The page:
Air was in Liverpool for Revo 2017. The highlight of the event was being able to see Tellon Capital successfully launch Bargate Quarter’s new branding. We were appointed to reposition the failed Bargate shopping centre to coincide with Tellon’s vision to create a vibrant, aspirational hub that celebrates its iconic heritage.
The new development will house premium shops and restaurants, as well as 152 high specification apartments that overlook the city’s parks and pristine public realm.
But the question is, why are shopping centres such as the original Bargate failing in the first place? James Child (head of retail research at EG), Garison Haitian (managing director at Leisure Way) and Cameron Scott (CEO at Nashbond) led a panel which discussed the latest placemaking trends.
Footfall in town centres is down due to large brands relocating to out-of-town destinations, retail take up also decreased by 11% per sq ft. On the other hand, food and beverage take up has grown from 25% to 27% over the last year. Research shows that a diverse food and beverage offering is key to attracting consumers.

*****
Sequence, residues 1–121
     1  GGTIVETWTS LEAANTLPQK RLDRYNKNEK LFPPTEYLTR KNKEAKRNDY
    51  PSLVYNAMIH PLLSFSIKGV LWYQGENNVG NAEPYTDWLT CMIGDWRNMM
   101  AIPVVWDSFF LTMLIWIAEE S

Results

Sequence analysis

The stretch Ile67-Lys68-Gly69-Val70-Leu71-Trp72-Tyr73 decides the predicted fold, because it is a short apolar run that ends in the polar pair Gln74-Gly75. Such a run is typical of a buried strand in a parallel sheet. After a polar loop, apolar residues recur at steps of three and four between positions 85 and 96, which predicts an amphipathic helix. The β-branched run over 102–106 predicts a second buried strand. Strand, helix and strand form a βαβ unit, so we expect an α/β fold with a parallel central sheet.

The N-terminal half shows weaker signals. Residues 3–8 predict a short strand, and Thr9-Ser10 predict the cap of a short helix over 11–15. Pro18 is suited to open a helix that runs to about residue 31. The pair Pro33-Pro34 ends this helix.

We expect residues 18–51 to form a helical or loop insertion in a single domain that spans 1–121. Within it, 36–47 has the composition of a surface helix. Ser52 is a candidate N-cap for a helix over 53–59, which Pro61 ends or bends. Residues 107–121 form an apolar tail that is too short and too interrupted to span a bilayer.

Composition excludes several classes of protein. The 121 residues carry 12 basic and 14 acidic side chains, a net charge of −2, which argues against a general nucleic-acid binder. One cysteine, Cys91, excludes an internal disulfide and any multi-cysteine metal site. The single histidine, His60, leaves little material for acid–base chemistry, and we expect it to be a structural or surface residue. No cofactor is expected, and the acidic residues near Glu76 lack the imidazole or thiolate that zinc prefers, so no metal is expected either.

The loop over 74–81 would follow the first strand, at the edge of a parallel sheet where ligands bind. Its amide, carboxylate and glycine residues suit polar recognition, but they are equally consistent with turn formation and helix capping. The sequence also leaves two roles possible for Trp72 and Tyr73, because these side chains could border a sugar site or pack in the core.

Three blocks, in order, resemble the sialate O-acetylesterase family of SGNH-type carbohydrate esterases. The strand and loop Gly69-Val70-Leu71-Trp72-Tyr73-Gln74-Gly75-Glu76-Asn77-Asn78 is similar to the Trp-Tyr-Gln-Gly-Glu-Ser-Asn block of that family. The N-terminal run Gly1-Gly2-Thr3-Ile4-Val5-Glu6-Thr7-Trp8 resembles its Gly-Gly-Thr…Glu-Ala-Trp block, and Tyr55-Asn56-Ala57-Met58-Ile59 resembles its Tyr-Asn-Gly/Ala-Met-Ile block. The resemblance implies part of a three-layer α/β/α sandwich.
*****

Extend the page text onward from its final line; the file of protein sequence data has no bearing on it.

Investors also need to develop an environment which creates an emotional connection with its visitors. The best way to achieve this is by providing high quality leisure facilities that appeal everyone. This is because people visit retail destinations to explore, engage and socialise.
The regenerated Bargate Quarter’s blend of upmarket shops, restaurants and leisure facilities will make it a great place for people place to meet, shop and explore. The added historic element will also help create an emotional connection, this will give the scheme a competitive advantage.
Due to the already bloated retail footprint and the ever-increasing popularity of online shopping, only the best shopping centres will survive. Therefore, any future development, refurbishment and leasing decisions have to take the changing needs of the consumer into account just like Tellon Capital have done with the Bargate Quarter project.